BRUSSELS, Belgium, APRIL 15, 2010 (Zenit.org).- A group of European bishops’ representatives are focusing their plenary assembly on the tragedy of poverty in Europe, noting that some 79 million people live below the poverty line on this continent.
The Commission of the Bishops’ Conferences of the European Community (COMECE) opened its spring Plenary Assembly on Wednesday with a report by its president, Bishop Adrianus van Luyn of Rotterdam.
The main topic of the assembly, attended by the 21 member bishops, is “2010: European Year to Combat Poverty and Social Exclusion.”
The president’s address touched on a number of themes, including dialogue between the European Union and religious communities, and disappointment with the results of the summit on climate change in Copenhagen.
In regard to the year to combat poverty, the bishop said that “the social security systems within the European Union are among the most advanced in the world. And yet, many Europeans still live below the poverty line.”
The causes are very complex but the figures speak for themselves, he added: 79 million people live below the poverty line (60% of the average income of the country in which the person lives), in other words, 16% of Europeans.
Bishop van Luyn noted that one European out of 10 lives in a home where no one works, and the economic crisis has caused a rise in unemployment throughout the continent.
In the majority of the member countries, children, more than adults, are exposed to the risk of poverty. Nearly 20% of children are threatened by poverty, in other words, 19 million people.
The bishop affirmed that a joint document from various Church organizations will elaborate on the phenomenon and propose concrete policies to combat it.
On the economic and financial crisis, and after recalling the Greek crisis and its repercussions in Europe, Bishop van Luyn said that one might ask if the bishops can give some advice to the E.U., given “the critical situation in which it finds itself.” He acknowledged that the bishops are not experts in economy, but that “we must make a contribution that leaves aside the technical aspects to overcome the crisis, to concentrate on more fundamental points.”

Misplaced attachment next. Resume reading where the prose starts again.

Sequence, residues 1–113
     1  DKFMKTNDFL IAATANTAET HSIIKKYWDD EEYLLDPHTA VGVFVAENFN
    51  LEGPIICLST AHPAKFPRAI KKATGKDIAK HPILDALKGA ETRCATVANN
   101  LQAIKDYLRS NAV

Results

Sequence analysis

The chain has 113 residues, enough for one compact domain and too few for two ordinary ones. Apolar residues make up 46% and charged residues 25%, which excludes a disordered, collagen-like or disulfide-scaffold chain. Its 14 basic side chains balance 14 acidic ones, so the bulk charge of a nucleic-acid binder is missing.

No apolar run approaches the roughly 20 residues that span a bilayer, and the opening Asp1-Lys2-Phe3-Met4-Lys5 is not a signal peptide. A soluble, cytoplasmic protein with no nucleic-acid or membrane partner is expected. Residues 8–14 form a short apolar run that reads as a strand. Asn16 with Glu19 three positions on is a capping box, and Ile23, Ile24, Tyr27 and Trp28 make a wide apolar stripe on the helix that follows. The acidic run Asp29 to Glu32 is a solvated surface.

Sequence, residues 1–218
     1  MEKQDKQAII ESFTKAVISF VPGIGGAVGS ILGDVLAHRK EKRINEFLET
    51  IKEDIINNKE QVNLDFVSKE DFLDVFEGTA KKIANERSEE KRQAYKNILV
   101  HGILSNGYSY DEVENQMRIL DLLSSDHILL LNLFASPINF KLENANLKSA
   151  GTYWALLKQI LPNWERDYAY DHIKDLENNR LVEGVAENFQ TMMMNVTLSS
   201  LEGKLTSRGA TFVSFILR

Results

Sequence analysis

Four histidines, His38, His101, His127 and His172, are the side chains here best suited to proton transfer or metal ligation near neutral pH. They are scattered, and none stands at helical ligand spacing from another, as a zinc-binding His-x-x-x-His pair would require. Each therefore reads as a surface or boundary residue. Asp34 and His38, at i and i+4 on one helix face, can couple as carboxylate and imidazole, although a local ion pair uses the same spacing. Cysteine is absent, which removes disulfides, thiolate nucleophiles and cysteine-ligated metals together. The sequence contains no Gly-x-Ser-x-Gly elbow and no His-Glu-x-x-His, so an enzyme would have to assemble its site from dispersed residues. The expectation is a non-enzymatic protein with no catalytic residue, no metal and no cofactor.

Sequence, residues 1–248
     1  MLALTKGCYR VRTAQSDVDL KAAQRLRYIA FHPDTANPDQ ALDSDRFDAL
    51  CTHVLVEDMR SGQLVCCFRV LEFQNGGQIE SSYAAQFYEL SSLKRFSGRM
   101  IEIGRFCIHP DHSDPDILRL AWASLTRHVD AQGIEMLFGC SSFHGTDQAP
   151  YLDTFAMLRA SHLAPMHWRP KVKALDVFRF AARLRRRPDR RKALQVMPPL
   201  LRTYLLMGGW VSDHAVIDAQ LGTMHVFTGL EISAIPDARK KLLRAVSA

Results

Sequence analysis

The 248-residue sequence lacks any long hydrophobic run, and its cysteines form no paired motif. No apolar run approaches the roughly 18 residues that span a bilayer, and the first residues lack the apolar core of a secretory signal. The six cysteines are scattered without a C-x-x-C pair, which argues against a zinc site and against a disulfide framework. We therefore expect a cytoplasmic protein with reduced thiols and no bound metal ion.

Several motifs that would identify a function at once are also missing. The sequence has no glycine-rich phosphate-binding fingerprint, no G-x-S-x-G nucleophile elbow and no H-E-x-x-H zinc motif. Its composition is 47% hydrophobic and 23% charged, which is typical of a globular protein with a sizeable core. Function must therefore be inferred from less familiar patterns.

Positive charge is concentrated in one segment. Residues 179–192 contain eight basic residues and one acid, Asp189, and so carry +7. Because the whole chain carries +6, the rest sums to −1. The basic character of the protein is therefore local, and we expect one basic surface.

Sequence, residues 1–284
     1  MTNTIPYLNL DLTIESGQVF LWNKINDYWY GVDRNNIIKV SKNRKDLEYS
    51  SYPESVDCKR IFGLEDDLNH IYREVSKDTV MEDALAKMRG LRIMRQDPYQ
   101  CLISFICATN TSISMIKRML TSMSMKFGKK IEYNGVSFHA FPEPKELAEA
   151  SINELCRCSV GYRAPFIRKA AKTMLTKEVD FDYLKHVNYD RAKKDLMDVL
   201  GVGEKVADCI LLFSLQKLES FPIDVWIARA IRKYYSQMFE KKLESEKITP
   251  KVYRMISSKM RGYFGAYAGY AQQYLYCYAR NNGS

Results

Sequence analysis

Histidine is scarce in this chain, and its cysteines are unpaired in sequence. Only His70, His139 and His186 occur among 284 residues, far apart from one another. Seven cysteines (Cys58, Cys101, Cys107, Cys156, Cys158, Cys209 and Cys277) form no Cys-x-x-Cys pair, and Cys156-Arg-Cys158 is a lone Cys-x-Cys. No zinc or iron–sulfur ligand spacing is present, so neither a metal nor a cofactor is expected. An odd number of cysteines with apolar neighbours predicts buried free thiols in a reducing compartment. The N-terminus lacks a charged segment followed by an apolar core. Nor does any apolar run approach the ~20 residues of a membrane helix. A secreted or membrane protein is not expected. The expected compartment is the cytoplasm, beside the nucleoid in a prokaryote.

“From the social doctrine of the Church, we cannot come to a conclusion other than this: the source of the crisis must be sought in a mistaken ordering of values,” the prelate said. “If those who are concerned with the common good are not taken into consideration, but rather those who seek their individual interests, then the moral ordering has no meaning. It is the moment to pose again questions of meaning: the question of why and for what end, the question of the meaning of ethics, of just conduct.”
The crisis, he added, “presents to us the challenge of changing our models […] so that we concentrate on the essential; to persist on human dignity and the common good for our generation and future” generations.
COMECE’s president called for rediscovering correct balances: “The balance between understanding man, on one hand, as a free individual and, on the other, as person, namely, as a relational, interdependent being living in relation.
“The balance between functional relations — linked to the question ‘what is most useful for me’ — and fundamental relations. […]
“Reconciliation between legitimate individual interests and the interest of all, that is, the common good.”
“The tension between legality — what is permitted by law — and justice. What is legal, namely, juridically permitted, is not necessarily just, that is, justified on the level of justice and morality.”
COMECE’s president concluded by proposing a letter to the Holy Father, on the occasion of the fifth anniversary of his election, to express “our best wishes as well as our gratitude for his tireless contribution to a Christian Europe.”